The experiment was conducted at Jimma University, College of Agriculture and Veterinary Medicine (JUCAVM), Postharvest laboratory in 2012 which is located at the south western part of Ethiopia 345 km from Addis Ababa. Samples were collected from three different organizations. Maize (Zeamays var., BH660) (50 kg) was taken from Ethiopian seed enterprise Nekemte Branch, Barley (Hordium vulgare var., Miscal 21) (20 kg) and peas (Pisum Sativum var.,adi) (30 kg) were from Holota Agricultural research center, Ethiopia.
Maize, pea and malt barley were processed into their respective flour prior to conducting the experiments as follows.
The maize grain was hand sorted and cleaned. The grains were washed with tap water and rinsed in deionized water and finally soaked for 10 min (Mehra and Eckhoff 1996) and debranned using a traditional Ethiopian wooden pestle and mortar. Thereafter, the bran and grits were dried under the sun for easy separation and to reduce the moisture in the grits. Finally, the grits were grain milled (KARLKOLB D‐6072, Dreich, West Germany) and passed through the 0.5 mm sieve. The milled samples were packed in airtight sealed polythene bags and stored in a refrigerator for later use (about 5°C).
The barley grains were cleaned manually and sieved to remove impurities and dockages. Malt was prepared under controlled steeping, germination, and kilning conditions as described in Galano et al. (2011). The cured sample was polished to remove the dried rootlets and acrospires and milled (KARLKOLB D‐6072, Dreich, West Germany) to pass through the 0.5 mm sieve. The flour was packed in airtight polythene bags and stored in a cool place (about 5°C) until used.
Pea grain was cleaned, sorted, washed in tap water and rinsed with deionized water and soaked in water for two hours (Gibson and Hotz 2001). The soaking water was removed and rinsed with fresh water again and then sun dried. Finally, 100 g of the dried samples was roasted (350°C) on stainless steel iron pan, using an electric heating appliance according to the Ethiopian shiro processing method with some modification, that is, by reducing the roasting time to only 5 min. Then the roasted pea was milled (KARLKOLB D‐6072, Dreich, West Germany) to pass through the 0.5 mm sieve, packed in an airtight polythene bags and stored in a cool place (about 5°C) until used.
The experimental design was generated using d‐Optimal mixture design (Table 1) and the constrained region was indicated on Table 2. A mixture design is appropriate when the response depends on the component proportions of the mixture and not on the component quantities. The treatment consists of three mixtures: 55 < maize <90, 20 < pea <35, and 4 < malted barley <12 (maize + pea + malted barley = 100%). Accordingly, 14 samples as treatment combinations were generated.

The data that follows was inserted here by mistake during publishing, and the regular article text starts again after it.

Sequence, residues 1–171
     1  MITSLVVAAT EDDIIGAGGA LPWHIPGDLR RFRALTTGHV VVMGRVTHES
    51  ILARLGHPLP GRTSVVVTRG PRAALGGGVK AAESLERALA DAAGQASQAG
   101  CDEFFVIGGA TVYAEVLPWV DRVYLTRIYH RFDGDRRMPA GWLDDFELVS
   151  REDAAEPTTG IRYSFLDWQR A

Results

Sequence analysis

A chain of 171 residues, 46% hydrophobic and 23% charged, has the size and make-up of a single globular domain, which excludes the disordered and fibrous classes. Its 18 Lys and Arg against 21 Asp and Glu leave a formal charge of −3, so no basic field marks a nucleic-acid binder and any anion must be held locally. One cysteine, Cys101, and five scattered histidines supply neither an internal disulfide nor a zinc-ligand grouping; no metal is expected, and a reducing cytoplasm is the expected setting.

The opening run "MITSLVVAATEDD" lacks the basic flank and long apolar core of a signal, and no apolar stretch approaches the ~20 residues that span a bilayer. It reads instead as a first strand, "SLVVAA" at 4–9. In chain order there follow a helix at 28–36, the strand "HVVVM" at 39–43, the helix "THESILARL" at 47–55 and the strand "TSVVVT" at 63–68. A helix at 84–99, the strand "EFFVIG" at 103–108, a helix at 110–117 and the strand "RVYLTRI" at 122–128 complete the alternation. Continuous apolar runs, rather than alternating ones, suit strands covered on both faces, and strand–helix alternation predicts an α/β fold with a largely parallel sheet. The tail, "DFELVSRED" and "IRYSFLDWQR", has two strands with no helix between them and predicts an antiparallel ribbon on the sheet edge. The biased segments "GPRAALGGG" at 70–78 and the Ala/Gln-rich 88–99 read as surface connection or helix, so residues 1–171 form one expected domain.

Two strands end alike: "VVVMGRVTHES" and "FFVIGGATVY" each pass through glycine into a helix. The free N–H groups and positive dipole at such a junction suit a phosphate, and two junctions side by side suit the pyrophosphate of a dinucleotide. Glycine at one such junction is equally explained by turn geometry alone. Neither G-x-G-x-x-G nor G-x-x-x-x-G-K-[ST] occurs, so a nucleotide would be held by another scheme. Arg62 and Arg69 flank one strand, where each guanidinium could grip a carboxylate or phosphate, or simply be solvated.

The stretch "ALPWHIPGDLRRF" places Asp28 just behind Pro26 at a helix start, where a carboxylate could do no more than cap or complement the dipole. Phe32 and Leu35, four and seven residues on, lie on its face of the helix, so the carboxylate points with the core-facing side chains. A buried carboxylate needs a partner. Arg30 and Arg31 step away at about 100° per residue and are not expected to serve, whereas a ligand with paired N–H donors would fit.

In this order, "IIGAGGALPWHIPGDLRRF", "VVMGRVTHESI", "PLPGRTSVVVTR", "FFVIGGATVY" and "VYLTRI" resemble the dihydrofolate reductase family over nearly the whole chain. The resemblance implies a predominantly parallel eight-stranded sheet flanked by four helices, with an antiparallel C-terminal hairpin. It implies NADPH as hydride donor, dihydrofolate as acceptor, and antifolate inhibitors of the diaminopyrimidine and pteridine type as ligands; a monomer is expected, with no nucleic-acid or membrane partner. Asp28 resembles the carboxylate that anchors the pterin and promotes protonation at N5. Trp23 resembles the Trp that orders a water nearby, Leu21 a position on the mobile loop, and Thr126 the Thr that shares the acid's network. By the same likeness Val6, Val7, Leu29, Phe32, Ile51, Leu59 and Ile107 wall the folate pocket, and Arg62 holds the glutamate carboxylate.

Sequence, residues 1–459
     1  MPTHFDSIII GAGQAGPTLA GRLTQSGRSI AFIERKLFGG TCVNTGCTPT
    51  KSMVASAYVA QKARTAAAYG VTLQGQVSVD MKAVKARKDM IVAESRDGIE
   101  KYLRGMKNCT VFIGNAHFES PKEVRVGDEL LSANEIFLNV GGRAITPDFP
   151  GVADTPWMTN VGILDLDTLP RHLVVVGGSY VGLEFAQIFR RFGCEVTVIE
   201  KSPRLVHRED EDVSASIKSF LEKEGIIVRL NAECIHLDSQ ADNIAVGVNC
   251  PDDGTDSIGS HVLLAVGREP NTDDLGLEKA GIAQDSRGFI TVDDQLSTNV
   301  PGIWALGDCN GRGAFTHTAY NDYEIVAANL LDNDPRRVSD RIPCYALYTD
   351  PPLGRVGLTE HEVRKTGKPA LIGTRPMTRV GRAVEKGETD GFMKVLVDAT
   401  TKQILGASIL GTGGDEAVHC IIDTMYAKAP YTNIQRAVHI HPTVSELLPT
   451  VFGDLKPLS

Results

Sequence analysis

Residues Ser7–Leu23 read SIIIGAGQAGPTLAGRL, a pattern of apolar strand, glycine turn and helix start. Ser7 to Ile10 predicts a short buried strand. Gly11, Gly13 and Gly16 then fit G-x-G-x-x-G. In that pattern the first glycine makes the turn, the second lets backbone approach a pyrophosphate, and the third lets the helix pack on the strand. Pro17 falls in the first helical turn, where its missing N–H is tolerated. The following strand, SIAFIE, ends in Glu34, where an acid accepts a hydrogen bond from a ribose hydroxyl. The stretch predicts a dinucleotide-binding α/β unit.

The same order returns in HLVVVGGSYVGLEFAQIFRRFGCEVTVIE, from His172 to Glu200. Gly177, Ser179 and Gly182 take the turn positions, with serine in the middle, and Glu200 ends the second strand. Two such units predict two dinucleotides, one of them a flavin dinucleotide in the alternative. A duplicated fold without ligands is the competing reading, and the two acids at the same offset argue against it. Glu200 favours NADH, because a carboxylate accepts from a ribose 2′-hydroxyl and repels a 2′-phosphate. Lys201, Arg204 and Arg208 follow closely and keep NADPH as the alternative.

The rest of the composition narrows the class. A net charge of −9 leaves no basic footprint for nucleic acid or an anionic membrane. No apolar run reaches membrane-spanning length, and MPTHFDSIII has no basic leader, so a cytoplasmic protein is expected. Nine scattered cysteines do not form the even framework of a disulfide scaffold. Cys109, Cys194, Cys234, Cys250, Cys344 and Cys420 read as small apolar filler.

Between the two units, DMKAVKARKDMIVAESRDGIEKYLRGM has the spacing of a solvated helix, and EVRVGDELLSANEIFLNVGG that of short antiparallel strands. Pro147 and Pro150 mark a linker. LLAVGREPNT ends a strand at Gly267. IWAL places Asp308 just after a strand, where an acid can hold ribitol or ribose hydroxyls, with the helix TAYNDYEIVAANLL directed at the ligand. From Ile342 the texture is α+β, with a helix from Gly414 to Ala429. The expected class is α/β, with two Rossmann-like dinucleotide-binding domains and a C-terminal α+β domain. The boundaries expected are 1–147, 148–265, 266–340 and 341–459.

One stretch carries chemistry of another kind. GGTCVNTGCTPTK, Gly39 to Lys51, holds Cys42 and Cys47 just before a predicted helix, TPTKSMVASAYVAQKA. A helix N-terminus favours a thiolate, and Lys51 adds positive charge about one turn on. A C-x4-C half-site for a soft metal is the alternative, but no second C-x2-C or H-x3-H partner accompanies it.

Nutritional composition of the experimental flour: moisture, crude fat, crude protein, crude fiber, and total ash were determined, using the AOAC Official Method Nos: 925.09, 4.5.01, 979.09, 962.09, and 923.03, respectively (AOAC 2000). The total carbohydrate was determined by FAO, 1998 was included in the reference list difference (FAO, 1998) based on the following formula. Results were expressed per 100 g of the flour.
Carbohydrate (%) = 100 ‐ (% Protein + % Moisture + % Crude fat + % Crude fiber + % Ash).
Porridge was prepared from flour to water ratio (1:3), 10 g sugar was also added to all samples (Owino et al. 2007) and worked to uniform consistency for about five 5 min. The product was assessed for their color, texture, flavor, odor, and overall acceptability on 5‐ point hedonic scales.
The three component constrained mixture design was conducted using Design‐Expert® 6 (Stat‐Ease) Minneapolis MN, USA. Regression models, contour plot, and response surface were obtained using Minitab 16 statistical package. The significance test was set at P < 0.05. The fitted models for all parameters were generated in three‐dimensional contour plots. Graphical optimization was done to determine the optimum formulation point of maize, pea, barley, and carrot flour.
The moisture content, crude protein, crude fiber, crude fat, ash, and carbohydrate content of the complementary food flour formulations ranged between 5.0–6.6%, 13.0–18.5%, 3.06–4.45%, 1.8–2.5%, 1.5–2.5%, and 68.9–74.1% respectively (Table 3). Except for fat, the lack‐of‐fit was not significantly different (P < 0.05) (Table 4).